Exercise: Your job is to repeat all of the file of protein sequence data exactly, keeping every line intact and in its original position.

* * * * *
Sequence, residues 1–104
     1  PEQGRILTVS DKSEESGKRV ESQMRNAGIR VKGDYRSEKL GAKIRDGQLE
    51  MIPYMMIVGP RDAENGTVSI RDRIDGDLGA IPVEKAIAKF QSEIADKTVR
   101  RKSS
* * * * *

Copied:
Sequence, residues 1–104
     1  PEQGRILTVS DKSEESGKRV ESQMRNAGIR VKGDYRSEKL GAKIRDGQLE
    51  MIPYMMIVGP RDAENGTVSI RDRIDGDLGA IPVEKAIAKF QSEIADKTVR
   101  RKSS